Global Course

Spatial Planning & Institutional Design

Lecture 5

The reshaping of Metropolitan Governance and

Planning in England


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Click here to access the Powerpoint presentation Lecture 5.


This lecture provides some context for the English situation before discussing the recent reshaping of sub-regional governance. Planning has traditionally assumed a need for nested spatial scales: the neighbourhood, the city, the region and the nation as a means of underpinning strategic decisions about infrastructure, economic investment and place management.

Geographers (such as Anssi Paasi, 2020) have, however, pointed to the socially constructed nature of scale and to the casting of a range of governance geographies by competing political agendas and programmes. Nowhere is this better illustrated than in the English situation. A declared shift to ‘localism’ after 2010 triggered a rejection of regions as appropriate scales for organising spatial governance and the negotiation of a patchwork of new constituencies. Desires for political control and private sector influence have featured large in the design of these new geographies, which have coincided with substantial cuts to funding for local authorities led by democratically elected councils.

More recently, ‘Levelling Up’ has replaced localism as the basis on which to advance ‘devolution deals’ across the country but these have yet to fully materialise. The current picture therefore remains one of enormous complexity, which presents challenges for those seeking strategic, long term schemes to upgrade infrastructure and align investment with land use planning. The lecture reviews the scale of these challenges and opens up a debate on the likely impact of recent announcements of further reform.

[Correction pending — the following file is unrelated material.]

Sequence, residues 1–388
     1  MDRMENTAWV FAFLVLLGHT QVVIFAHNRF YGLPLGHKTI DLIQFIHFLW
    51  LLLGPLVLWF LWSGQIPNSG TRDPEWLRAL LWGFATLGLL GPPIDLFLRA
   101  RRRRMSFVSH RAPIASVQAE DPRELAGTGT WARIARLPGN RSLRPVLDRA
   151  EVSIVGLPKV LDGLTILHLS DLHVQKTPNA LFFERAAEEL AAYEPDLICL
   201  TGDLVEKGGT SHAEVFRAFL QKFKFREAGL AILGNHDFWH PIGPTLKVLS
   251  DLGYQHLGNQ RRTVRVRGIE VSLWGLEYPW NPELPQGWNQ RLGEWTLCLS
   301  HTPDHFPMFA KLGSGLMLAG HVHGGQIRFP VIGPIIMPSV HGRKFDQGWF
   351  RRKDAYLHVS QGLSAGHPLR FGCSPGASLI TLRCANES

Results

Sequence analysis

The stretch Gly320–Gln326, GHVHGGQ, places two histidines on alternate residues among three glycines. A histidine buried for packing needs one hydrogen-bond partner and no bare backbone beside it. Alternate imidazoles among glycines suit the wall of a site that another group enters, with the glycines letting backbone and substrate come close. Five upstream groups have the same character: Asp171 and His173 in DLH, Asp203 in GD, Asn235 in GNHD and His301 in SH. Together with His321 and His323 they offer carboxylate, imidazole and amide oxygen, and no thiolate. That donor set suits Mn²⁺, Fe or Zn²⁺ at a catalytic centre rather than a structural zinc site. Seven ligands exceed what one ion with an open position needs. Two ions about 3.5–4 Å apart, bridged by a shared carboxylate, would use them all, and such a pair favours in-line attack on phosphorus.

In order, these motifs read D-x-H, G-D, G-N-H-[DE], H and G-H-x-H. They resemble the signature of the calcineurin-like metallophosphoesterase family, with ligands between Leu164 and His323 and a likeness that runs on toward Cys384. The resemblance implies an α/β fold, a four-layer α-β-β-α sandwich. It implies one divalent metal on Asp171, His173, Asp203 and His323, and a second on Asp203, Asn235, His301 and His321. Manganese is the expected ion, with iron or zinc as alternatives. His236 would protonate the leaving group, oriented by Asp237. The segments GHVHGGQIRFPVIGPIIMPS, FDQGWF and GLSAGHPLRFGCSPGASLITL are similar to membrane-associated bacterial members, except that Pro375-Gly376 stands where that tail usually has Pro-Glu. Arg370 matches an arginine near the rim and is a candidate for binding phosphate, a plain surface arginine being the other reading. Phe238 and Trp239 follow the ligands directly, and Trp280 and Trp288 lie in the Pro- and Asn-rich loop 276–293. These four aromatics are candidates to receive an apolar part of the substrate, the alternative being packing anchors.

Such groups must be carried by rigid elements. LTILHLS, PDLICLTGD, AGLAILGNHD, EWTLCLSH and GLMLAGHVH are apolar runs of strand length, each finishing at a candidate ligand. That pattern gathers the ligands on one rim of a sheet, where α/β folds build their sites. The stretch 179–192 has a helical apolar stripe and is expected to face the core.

Dr David Webb (email:

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Main reading for this lecture:

Cullingworth B., Nadin, V., Hart, T., Davoudi, S., Pendlebury, J., Vigar, G., Webb, T., & Townshend, T. (2014) Town and Country Planning in the UK (15th edition) London: Routledge. Only chapter 4.

Suggested reading: 

John Harrison, Daniel Galland & Mark Tewdwr Jones (2021) Regional planning is dead: long live planning regional futures, Regional Studies, 55:1, 6-18


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